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An absurd misapprehension appears to prevail among a number of our contemporaries, notably the "Waimate Times," as to the scope and meaning of the resolution of Major Steward, which is to be debated on Monday. (Let us here interpolate that whereas the debate was intended to take place on Monday next, it has been postponed till the Monday following, because; Sir G. Grey, who wished to take part m the discussion, has arranged to address a public meeting on Monday next, and therefore could not attend a sitting of the House on that evening.) The misapprehension to which we refer is that it seems to be supposed thai; the member for Waimate is about to advocate the " Referendum," which is a part of the Swiss system of Pa/rliamentary procedure, whereas the fa,ct is that Major Stpward has on no occasion referred to the " Referendum " —

certainly has neither advocated nor proposed to advocate its adoption m New Zealand. The proposal of: the member for Waimate is simply this:— " That a committee be appointed to report to the House as to the desir- i ableness and feasibility of the devising of a system under which, as m Switzerland, the Executive Government shall be elected by the whole House, instead of being, as now, selected by one individual who happens to have carried a want-of-eonfidenee motion, and to have been ' sent for' m consequence." The result of such a change would, it is contended, be that the Government of the day would hare the support of the whole House, instead of, as at present, of one-half of the House only, and that the waste of time which now occurs under want-of-confidence motions would be obviated. Further, it is contended, and we think with good reason, that under the proposed system Bills and other proposals would be discussed on their merits, the question of confidence m the Ministry not being involved. It is an unquestionable fact that, under the existing system, members are constantly placed m a false position, having often to vote either i'or or against a question, not on the merits of the question itself, but because its acceptance or rejection involves that of the personnel of the Administration. If the change proposed be affirmed, every question would be decided on its merits. We do not expect that this will be brought about all m a momtnt; it may take years to effect the change, but we do not hesitate to affirm that, if it be brought about, the effect will be a large saving m money and m time — a distinct advance .m the efficiency of our Parliamentary system.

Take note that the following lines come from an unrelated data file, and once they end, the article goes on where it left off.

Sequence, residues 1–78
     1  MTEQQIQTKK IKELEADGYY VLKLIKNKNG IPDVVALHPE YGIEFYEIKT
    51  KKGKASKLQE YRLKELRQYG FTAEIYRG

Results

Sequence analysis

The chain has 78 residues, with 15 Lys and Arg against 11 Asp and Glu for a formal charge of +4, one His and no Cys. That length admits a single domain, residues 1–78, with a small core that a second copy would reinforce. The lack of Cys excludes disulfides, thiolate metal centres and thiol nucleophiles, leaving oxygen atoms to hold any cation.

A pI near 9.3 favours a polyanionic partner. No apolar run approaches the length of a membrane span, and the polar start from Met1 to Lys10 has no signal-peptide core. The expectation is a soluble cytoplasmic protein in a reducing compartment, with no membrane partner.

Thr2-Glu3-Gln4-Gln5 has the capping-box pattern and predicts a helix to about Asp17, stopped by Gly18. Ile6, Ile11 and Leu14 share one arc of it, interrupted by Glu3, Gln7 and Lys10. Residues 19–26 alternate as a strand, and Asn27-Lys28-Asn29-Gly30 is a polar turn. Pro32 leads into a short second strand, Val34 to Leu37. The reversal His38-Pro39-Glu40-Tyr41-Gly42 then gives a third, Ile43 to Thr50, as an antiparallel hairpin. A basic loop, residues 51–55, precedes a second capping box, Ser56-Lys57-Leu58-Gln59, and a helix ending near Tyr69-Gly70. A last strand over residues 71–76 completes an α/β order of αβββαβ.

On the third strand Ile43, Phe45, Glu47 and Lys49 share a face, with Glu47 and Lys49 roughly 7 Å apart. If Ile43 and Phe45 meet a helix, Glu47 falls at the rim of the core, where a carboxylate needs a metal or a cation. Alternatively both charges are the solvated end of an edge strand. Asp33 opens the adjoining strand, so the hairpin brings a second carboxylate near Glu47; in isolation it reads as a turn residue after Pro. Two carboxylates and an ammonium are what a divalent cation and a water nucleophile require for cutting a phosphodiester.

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Bibliographic details

THE "REFERENDUM.", Ashburton Guardian, Volume VII, Issue 2481, 2 August 1890

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THE "REFERENDUM." Ashburton Guardian, Volume VII, Issue 2481, 2 August 1890

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